Today’s Grammar Rant

I have read a lot of statements like this lately:

“CNN are reporting…”

“The Free Software Foundation are encouraging…”

Slashdot is a terrible offender, but I’ve been seeing it elsewhere as well.

So what’s wrong with this? CNN is an organization. Singular. The correct construction is “CNN is reporting…” Your subject is singular, so your verb should be singular as well.

“The employees of CNN are reporting” is also correct.

I are annoyed each time I read something like this. Is you annoyed too?

9 thoughts on “Today’s Grammar Rant

  1. Actually, I believe it’s UK/US usage thing. In the UK, these forms are correct, whereas in the US, “is” is correct. I *think* it’s because we look on organisations as a *collective* body rather than a *singular* one. Just my 2p worth, of course :)

  2. In British English, CNN is not an organisation. CNN are a company, which in its turn is just a short form for “group of individuals working towards a single goal”. Thus, “CNN are reporting” is correct; it is the group of people that make up CNN that are doing the reporting, not a singular entity called CNN.

    The logic is that CNN wouldn’t do anything if the people that make up CNN didn’t do anything, thus it is reasonable to treat CNN as a convenient shorthand for “the people who make up the group CNN”.

    I believe that American English treats organisations as entities in their own right, thus making CNN and FSF singular.

  3. Treating collective nouns as plurals is the only logical solution. Using the singular might not appear particularly bad in the cases you’ve given, but when discussing bands or sports teams the use of the singular is simply illiterate.

    – Chris

    1. Wikipedia has an article on this. I think I read once awhile back that a UK government white paper was influential in this, but I can’t find a source.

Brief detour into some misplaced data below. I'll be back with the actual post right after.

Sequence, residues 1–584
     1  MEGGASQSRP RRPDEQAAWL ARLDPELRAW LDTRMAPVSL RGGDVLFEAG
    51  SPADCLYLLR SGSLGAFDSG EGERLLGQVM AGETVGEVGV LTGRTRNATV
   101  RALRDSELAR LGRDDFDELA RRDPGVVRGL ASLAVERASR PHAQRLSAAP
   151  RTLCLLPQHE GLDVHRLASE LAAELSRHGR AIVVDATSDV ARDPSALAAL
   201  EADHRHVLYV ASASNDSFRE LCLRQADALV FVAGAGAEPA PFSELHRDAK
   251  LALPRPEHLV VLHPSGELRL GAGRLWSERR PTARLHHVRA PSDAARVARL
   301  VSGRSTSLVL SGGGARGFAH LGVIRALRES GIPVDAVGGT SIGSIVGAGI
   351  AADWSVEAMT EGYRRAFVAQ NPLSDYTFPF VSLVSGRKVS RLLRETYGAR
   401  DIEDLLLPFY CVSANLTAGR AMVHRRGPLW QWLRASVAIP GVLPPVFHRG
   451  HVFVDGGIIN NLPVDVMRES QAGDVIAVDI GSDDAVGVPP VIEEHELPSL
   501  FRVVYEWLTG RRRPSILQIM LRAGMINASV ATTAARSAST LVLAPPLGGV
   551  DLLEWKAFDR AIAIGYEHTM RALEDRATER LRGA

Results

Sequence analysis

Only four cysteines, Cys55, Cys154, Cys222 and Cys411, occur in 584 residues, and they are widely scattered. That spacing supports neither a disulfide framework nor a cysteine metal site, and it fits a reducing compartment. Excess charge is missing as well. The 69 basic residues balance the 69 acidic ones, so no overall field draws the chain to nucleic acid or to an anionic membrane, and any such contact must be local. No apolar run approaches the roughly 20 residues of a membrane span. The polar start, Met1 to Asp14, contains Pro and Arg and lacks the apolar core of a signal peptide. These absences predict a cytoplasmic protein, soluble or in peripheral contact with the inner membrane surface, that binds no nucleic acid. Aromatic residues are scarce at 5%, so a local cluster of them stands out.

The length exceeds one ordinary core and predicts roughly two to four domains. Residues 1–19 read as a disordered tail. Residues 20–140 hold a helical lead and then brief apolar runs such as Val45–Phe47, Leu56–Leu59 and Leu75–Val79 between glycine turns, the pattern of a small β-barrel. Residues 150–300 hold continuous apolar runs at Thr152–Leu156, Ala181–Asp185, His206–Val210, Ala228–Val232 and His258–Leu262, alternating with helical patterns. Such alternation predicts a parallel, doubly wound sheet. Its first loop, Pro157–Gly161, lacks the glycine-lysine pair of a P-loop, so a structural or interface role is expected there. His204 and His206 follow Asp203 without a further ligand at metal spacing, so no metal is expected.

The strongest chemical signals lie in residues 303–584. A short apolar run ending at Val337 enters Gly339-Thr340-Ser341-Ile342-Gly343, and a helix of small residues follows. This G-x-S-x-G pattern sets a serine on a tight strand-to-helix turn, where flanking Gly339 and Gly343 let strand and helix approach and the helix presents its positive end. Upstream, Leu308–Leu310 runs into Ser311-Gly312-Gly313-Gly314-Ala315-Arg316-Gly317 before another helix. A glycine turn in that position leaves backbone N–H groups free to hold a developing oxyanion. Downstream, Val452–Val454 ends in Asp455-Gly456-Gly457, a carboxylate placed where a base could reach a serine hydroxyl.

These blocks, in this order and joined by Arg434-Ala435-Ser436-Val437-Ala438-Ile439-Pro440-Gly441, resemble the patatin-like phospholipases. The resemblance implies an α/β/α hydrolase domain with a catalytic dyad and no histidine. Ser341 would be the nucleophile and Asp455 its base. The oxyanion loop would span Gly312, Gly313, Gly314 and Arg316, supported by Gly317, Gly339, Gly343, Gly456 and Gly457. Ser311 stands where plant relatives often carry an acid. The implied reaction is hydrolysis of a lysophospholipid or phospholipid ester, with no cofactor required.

It still annoys me, though. If I say “CNN”, I’m referring to a single organization and, in my mind, it should always be singular. If I say “CNN reporters”, then that’s different. But hey, I’m just another American complaining about your language, right? ;-)

      But Chris, I’m going to have to disagree with you. U2 is a band — a single band — and is singular. U2 has members, so if you say “U2 members”, I could understand the plural. But to say that it is illiterate to refer to U2 in the singular seems to be over-reaching, don’t you think?

      1. Again, the example you’ve picked doesn’t prove the rule. Take “The Rolling Stones” or “The Miami Dolphins” and it looks ridiculous.

        And as a collective, there are times when you’re going to want to talk about only part of the group: what about if two members of U2 were afflicted with a stomach bug and couldn’t perform? Speaking of “half a band” isn’t any more sensible than speaking about “half a bee” when the collective is treated as a singular, so such a thing is much wordier to express. It isn’t difficult to come up with cases where the singular is awkward.

        – Chris

  4. So, once again we discover that natural language doesn’t use a minimal set of universal formal rules :-)

  5. FWIW, ever since I saw this difference between the UK and the US usages, I’ve always preferred the UK way. IMHO, it is very important to remind people that corporations are *not* individuals.

  6. Don’t start! The one I hate the most is when there is a shooting somewhere and the news says: “A man opened fire …”

    Imagine how hard it is to understand that line for a non-native English speaker.

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